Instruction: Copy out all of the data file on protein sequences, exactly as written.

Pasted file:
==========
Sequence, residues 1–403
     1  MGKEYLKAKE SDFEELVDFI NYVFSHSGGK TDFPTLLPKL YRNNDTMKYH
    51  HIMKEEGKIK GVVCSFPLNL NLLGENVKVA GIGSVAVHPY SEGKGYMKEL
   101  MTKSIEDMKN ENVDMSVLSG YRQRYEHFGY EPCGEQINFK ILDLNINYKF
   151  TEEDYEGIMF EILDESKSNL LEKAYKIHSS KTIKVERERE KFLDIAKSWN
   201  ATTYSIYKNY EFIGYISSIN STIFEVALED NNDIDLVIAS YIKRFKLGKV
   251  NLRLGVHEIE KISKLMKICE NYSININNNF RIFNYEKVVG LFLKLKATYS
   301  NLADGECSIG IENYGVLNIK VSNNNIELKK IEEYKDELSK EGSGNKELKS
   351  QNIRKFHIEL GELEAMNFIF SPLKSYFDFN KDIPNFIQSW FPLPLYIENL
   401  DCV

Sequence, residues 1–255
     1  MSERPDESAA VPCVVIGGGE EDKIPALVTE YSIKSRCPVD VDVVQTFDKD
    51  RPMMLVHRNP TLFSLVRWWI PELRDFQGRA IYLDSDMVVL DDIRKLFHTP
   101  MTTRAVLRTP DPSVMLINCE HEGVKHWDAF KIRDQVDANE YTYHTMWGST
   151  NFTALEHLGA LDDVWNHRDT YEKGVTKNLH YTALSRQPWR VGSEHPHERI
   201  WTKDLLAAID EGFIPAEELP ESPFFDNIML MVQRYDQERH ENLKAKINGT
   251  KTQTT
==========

Sequence, residues 1–403
     1  MGKEYLKAKE SDFEELVDFI NYVFSHSGGK TDFPTLLPKL YRNNDTMKYH
    51  HIMKEEGKIK GVVCSFPLNL NLLGENVKVA GIGSVAVHPY SEGKGYMKEL
   101  MTKSIEDMKN ENVDMSVLSG YRQRYEHFGY EPCGEQINFK ILDLNINYKF
   151  TEEDYEGIMF EILDESKSNL LEKAYKIHSS KTIKVERERE KFLDIAKSWN
   201  ATTYSIYKNY EFIGYISSIN STIFEVALED NNDIDLVIAS YIKRFKLGKV
   251  NLRLGVHEIE KISKLMKICE NYSININNNF RIFNYEKVVG LFLKLKATYS
   301  NLADGECSIG IENYGVLNIK VSNNNIELKK IEEYKDELSK EGSGNKELKS
   351  QNIRKFHIEL GELEAMNFIF SPLKSYFDFN KDIPNFIQSW FPLPLYIENL
   401  DCV

Sequence, residues 1–255
     1  MSERPDESAA VPCVVIGGGE EDKIPALVTE YSIKSRCPVD VDVVQTFDKD
    51  RPMMLVHRNP TLFSLVRWWI PELRDFQGRA IYLDSDMVVL DDIRKLFHTP
   101  MTTRAVLRTP DPSVMLINCE HEGVKHWDAF KIRDQVDANE YTYHTMWGST
   151  NFTALEHLGA LDDVWNHRDT YEKGVTKNLH YTALSRQPWR VGSEHPHERI
   201  WTKDLLAAID EGFIPAEELP ESPFFDNIML MVQRYDQERH ENLKAKINGT
   251  KTQTT